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 Post subject: New Project: Audio/Visual Part 15 Antenna Tuning Indicator
PostPosted: Aug Fri 20, 2021 11:40 pm 
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Joined: Jan Thu 01, 1970 1:00 am
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Location: Texas
Here's a YouTube video of my new project. https://youtu.be/6GBt_cXDGgg

In developing a new Part 15 transmitter, I get tired of hauling out my oscilloscope just to optimize tuning. I started first with an LED that would light up at resonance. I found that bright was bright and it was hard to distinguish exactly when the LED showed perfect peak resonance. Knowing that the human ear is more sensitive to minute changes in pitch than the eye is to bright light, I connected a voltage controlled audio oscillator to the LED.

In the YouTube video, with the five foot wire antenna tuned to resonance, the oscilloscope is monitoring the 1680 KHz wave form. In that version of the transmitter, the tuning is adjusted by sliding a ferrite core in and out of a coil taped to the counter in front of the transmitter. This coil is a do it yourself loopstick made of 16 feet of #36 magnet wire scramble wound on a syringe. It's a dirt cheap version that performs better than the legendary Miller 6300 loopstick, probably because the wire is so much thicker.

In front of the scope is my new antenna tuning monitor that offers both visual and audible indication of resonance. On that board, visible under the scope's black Vertical Position knob is a red LED that starts to light up as the antenna approaches resonance. It's brightest at resonance.

As you can see and hear, the audible monitor provides greater tuning sensitivity. With tiny changes in position of the ferrite core, we hear very distinct differences in tone while the LED doesn't seem to change at all.

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The circuit is very simple, consisting of a transistor wired as an emitter follower that amplifies the RF and feeds it into the voltage control pin of a 555 timer wired as a Voltage Controlled Audio Oscillator. It's capacitively connected to the antenna by wrapping a few turns of wire around the antenna. A "gimmick" cap works as well.

The 555 was not primarily designed to be a Voltage Controlled Oscillator, and one quirk is that the pitch decreases as the control voltage increases. Although this is opposite the function of typical voltage controlled oscillators, it makes no difference in the functionality of this circuit. There are dozens of ways to modify this circuit to turn it around, but as you will see, the goal of perfect antenna tuning is met with this simple circuit as it is.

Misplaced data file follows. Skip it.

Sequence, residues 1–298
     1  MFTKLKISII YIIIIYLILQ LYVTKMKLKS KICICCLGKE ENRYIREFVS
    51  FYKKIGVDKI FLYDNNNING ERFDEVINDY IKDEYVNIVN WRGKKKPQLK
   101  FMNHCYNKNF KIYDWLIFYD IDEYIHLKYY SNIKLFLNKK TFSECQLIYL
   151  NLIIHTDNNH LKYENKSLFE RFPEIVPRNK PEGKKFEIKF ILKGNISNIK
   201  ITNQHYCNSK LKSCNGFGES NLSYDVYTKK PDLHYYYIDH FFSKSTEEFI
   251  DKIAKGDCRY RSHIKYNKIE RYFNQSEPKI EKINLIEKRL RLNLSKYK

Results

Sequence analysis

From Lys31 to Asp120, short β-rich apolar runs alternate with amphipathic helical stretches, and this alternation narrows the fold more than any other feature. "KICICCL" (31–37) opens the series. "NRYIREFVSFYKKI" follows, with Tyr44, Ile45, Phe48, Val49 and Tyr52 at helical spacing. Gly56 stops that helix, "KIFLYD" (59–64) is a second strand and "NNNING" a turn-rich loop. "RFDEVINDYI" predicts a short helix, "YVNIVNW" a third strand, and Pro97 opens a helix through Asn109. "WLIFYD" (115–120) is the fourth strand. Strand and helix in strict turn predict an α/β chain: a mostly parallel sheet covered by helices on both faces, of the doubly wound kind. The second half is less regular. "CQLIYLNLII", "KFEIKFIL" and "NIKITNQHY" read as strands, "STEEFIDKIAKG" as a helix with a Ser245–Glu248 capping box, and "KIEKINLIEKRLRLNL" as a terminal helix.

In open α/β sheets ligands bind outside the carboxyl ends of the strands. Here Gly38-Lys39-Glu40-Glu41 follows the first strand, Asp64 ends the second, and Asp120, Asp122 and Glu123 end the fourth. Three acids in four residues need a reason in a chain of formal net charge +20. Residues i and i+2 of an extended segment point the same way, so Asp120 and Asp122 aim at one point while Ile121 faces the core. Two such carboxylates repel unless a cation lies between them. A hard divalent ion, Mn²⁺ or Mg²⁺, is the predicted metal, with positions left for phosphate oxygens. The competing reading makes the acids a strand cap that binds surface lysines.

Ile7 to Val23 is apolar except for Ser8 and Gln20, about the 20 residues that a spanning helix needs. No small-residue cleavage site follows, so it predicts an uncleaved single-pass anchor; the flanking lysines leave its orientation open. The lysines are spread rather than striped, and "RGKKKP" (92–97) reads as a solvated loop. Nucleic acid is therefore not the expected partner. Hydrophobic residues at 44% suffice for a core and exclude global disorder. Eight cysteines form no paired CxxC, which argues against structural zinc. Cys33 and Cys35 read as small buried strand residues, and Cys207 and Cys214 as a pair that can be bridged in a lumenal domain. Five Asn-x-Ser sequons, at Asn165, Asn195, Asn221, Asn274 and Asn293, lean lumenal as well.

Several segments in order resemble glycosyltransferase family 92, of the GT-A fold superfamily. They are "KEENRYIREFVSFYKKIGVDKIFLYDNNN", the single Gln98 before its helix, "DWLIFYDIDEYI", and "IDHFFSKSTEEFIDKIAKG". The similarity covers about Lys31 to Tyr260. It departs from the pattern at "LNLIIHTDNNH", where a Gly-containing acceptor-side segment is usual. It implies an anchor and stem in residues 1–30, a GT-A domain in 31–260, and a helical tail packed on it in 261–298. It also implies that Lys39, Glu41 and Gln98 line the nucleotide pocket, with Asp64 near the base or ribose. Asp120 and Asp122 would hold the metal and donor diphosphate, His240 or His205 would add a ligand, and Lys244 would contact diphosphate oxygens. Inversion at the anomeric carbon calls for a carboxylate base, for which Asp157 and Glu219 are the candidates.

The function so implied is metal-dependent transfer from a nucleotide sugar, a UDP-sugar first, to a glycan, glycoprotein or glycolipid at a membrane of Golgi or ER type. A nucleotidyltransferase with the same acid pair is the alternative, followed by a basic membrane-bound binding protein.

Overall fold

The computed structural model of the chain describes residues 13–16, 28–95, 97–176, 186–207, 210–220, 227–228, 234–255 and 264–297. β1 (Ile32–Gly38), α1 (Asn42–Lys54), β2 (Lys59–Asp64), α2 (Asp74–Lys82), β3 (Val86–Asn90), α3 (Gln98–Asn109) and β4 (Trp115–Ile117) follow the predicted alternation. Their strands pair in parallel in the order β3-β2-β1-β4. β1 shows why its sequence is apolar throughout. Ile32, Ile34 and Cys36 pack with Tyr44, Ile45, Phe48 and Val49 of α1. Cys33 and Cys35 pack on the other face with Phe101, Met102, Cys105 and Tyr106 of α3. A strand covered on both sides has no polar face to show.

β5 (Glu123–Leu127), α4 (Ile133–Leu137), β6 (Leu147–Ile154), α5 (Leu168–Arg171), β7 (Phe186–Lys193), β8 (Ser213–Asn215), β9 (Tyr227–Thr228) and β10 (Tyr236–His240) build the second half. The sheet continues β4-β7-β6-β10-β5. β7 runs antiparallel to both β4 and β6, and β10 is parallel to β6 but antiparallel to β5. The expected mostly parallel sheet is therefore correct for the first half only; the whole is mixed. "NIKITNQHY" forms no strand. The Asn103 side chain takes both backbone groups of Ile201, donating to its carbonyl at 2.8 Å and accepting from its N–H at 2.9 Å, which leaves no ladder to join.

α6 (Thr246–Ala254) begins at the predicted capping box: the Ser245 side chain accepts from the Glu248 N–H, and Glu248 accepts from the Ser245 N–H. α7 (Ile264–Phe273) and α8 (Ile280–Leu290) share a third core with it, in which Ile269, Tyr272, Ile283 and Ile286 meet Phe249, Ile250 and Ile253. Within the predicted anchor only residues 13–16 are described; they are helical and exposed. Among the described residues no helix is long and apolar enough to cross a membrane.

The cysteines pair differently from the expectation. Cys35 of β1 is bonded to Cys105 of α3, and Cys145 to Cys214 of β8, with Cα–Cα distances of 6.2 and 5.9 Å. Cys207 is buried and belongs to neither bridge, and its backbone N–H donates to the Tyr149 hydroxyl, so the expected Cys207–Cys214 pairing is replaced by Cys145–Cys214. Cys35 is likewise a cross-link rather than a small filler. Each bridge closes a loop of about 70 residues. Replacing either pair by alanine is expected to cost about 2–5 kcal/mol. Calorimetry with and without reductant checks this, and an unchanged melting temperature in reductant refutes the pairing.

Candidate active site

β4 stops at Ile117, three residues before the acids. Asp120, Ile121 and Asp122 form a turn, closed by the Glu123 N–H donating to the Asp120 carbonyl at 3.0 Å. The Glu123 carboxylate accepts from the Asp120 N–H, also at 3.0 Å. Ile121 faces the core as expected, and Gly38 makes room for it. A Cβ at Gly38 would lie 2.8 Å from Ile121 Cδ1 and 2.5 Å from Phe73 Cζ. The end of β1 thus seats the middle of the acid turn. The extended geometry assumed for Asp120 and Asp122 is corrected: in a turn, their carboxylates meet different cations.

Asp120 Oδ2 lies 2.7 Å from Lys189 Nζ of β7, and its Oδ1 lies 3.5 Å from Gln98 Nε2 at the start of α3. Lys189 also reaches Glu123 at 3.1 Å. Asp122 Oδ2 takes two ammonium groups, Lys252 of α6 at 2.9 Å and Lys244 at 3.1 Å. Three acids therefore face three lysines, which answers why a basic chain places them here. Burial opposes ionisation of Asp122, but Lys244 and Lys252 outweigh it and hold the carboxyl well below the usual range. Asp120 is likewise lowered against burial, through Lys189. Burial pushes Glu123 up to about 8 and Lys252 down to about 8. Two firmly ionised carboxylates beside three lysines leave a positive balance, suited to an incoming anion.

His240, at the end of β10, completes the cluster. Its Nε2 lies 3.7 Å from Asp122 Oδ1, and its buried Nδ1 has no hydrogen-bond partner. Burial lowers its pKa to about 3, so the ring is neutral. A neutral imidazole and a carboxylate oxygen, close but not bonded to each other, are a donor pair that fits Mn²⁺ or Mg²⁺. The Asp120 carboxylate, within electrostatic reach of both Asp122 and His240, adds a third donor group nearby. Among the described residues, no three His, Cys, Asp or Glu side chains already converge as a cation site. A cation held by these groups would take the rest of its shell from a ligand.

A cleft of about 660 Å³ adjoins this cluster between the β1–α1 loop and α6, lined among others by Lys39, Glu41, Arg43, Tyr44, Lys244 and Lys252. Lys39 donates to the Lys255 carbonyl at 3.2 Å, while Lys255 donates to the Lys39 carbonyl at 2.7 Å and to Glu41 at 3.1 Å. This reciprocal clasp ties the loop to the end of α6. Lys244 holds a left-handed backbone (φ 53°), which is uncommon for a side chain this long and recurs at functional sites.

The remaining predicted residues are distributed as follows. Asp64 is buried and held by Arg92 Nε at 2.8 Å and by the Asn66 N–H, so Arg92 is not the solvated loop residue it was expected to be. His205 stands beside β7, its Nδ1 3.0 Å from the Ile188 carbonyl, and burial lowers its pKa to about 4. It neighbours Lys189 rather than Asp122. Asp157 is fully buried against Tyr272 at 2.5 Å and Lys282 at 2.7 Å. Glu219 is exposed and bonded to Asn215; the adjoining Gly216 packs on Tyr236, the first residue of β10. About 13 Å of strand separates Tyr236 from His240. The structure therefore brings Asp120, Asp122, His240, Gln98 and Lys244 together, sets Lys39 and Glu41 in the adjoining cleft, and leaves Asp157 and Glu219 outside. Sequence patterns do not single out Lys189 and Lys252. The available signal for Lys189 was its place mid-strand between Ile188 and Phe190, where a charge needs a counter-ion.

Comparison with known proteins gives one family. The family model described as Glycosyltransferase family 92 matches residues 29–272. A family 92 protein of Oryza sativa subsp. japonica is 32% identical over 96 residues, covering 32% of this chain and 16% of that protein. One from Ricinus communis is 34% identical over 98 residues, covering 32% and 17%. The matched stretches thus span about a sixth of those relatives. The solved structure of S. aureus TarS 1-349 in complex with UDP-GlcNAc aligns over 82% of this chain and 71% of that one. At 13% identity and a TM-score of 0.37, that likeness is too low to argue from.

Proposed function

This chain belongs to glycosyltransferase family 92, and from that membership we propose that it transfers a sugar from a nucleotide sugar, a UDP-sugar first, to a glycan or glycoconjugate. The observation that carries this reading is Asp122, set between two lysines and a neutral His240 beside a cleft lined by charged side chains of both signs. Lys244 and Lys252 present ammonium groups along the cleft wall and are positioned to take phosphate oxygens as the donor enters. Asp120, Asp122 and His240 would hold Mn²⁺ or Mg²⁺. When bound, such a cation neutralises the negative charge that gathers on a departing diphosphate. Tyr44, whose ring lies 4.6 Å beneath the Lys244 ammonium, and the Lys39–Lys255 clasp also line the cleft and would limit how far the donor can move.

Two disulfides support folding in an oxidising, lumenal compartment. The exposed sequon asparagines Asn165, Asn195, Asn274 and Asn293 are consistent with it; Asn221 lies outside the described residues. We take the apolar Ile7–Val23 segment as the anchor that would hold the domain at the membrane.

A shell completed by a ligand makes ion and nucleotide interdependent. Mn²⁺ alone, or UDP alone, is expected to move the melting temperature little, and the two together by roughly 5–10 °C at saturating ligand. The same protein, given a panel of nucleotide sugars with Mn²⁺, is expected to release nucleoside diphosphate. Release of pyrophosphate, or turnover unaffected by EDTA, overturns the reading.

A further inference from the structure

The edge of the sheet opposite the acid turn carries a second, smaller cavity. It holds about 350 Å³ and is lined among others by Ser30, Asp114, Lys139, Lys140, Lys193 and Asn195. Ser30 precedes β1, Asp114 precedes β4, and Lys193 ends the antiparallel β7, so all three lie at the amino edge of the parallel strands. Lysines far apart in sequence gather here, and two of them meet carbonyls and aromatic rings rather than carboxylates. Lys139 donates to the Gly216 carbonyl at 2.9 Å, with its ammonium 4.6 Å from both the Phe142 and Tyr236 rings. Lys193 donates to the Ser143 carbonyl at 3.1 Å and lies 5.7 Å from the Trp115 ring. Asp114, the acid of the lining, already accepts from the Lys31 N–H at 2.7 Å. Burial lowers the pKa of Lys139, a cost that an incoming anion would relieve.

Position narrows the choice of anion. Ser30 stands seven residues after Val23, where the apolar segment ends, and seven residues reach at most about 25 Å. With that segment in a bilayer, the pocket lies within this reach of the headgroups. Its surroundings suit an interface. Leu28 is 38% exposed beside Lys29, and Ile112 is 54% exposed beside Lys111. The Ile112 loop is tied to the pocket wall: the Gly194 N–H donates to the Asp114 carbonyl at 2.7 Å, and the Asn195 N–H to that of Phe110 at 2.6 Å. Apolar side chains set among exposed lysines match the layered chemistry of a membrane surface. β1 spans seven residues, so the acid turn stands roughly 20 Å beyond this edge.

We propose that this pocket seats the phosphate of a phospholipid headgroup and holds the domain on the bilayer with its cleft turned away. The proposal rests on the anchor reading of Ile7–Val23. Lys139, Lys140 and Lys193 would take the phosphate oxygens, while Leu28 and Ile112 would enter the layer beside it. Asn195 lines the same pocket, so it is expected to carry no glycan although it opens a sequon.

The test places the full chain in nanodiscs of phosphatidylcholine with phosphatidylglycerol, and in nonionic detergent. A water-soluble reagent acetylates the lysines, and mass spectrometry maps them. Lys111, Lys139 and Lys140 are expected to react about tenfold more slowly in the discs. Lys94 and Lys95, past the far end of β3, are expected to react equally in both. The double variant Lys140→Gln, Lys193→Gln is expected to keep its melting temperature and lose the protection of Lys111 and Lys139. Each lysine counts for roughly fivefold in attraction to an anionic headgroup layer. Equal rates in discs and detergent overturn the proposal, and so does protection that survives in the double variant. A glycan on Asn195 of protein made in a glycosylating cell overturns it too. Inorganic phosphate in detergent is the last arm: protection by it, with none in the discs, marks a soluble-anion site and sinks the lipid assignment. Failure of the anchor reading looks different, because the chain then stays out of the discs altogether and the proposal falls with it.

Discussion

Here's an animated gif of the LED in action. Note that the LED lights fully before and after peak resonance. If you want to keep things even simpler and forego the audio, you can just use the five visual indicator components (transistor, LED and three resistors.) That's ok, but the audio really nails it. Below that is the PCB layout.


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 Post subject: Re: New Project: Audio/Visual Part 15 Antenna Tuning Indicat
PostPosted: Aug Sat 21, 2021 2:48 pm 
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Location: Monroe GA 30656 (from Coventry, UK)
Nice work Tom


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 Post subject: Re: New Project: Audio/Visual Part 15 Antenna Tuning Indicat
PostPosted: Aug Sat 21, 2021 8:28 pm 
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Location: Wayside, NJ Monmouth
I agree nice work. Are any of the P.C.B available ?


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 Post subject: Re: New Project: Audio/Visual Part 15 Antenna Tuning Indicat
PostPosted: Aug Sat 21, 2021 9:14 pm 
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Location: Texas
N2LXM wrote:
Are any of the P.C.B available ?


I made the prototype board using the laser print iron transfer method and swimming pool acid (HCL) with hydrogen peroxide for etching. But even that simple method could be more trouble than it needs to be, as the circuit layout is simple enough to be drawn directly onto a blank PCB with a sharpie. The only critical spacing is for the 8-pin DIP.

I'm certainly open to buying the boards and giving them away if there's enough interest. Two of those schematics will fit on a mini board from ExpressPCB. Miniboard is their special discount board, and its dimensions must be 3.8 in by 2.5 in. It's bare bones and that means there is no silkscreen available with the mini board. I believe three boards cost $51 which would mean six boards for $51 if you have two layouts on each mini board

I think the circuit can be improved with no additional parts. I was thinking how loud that little piezo speaker is, and it can be quieted by lowering the frequency by changing a resistor or capacitor or both, or possibly putting a resistor in series with it.

It's so raucous that I found myself occasionally wanting to turn the speaker off and just watch the LED, and I think that putting a second LED next to the original that's there but with a much higher resistor, you might get more fine-tuning with the LED if you have two with different brighrnesses. It would be good to get this thing into a final form before making boards to share.


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